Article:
Specially designed to offer OEMs a simple, low cost means of integrating MiniPID sensors into existing systems and applications
Increasing demand from the global heating, ventilation and air conditioning (HVAC), agricultural and general manufacturing industries for measurement of volatile organic compounds (VOCs) has led Ion Science leading manufacturer of gas detection instrumentation for environmental and occupational health monitoring – to launch a high performance Sensor Development Kit.
Comprising integration and sensor printed circuit boards (PCBs), the new Sensor Development Kit facilitates simple, low cost integration of Ion Science’s well proven MiniPID sensors into existing OEM products across a diverse range of applications.
Due to its small size and number of interfaces, the Sensor Development Kit will enable OEMs to easily incorporate the company’s MiniPID technology into their systems and applications that require the sensitivity of photoionisation detectors (PIDs) but without significant investment in engineering and R&D.
A low cost alternative to fixed and portable gas detection systems, the Sensor Development Kit will be supplied ready for immediate integration. This allows engineers who need to measure VOCs as part of air filtration or fume extraction, for example, deliver their solution to market in a shorter time frame. The MiniPID sensor and integration boards handle the intricacies of PIDs reducing the need for design and development.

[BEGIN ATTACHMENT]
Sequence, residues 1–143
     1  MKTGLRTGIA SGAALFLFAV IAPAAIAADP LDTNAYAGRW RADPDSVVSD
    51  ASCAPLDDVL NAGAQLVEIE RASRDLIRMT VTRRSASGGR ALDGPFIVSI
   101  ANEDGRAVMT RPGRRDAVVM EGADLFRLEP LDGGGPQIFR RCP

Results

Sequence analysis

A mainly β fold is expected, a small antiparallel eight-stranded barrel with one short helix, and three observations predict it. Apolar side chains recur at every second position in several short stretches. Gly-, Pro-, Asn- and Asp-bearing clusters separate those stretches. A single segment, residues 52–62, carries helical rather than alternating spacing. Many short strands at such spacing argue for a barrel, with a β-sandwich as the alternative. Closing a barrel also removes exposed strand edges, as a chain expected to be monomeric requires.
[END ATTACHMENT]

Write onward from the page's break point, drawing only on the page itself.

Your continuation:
Coupled with the company’s market leading MiniPID technology, the Sensor Development Kit provides real time, highly accurate data. Plus it offers industry standard protocols and interfaces for seamless connectivity.
The integration board provides data logging as well as flexible 4-20mA input and Modbus RTU output for connection to PLCs, building management systems (BMS) and other equipment for rapid prototyping and product development. Having been developed for OEMs, the target markets for the Sensor Development Kit are likely to vary greatly. However, there has been growing demand for VOC monitoring from the HVAC industry with BMS manufacturers increasingly likely to integrate it into their systems to check room pollution levels.
In most modern commercial buildings, there are relatively few indoor sources of inorganic gaseous pollutants and the primary indoor generated airborne pollutants affected by ventilation are particles and VOCs.
The existing particle filters in building HVAC systems remove indoor generated particles using far less energy than ventilation. To complement particle filtration, effective and energy efficient air cleaning methods are needed for VOCs.
Recent studies have tested granular activated carbon (GAC) filters for VOC removal in nonindustrial buildings and have proposed test methods to evaluate the performance of such air cleaning technologies for reduction in ventilation. Similar to GAC, activated carbon fiber filters (ACF) can be implemented to efficiently remove VOCs from indoor air.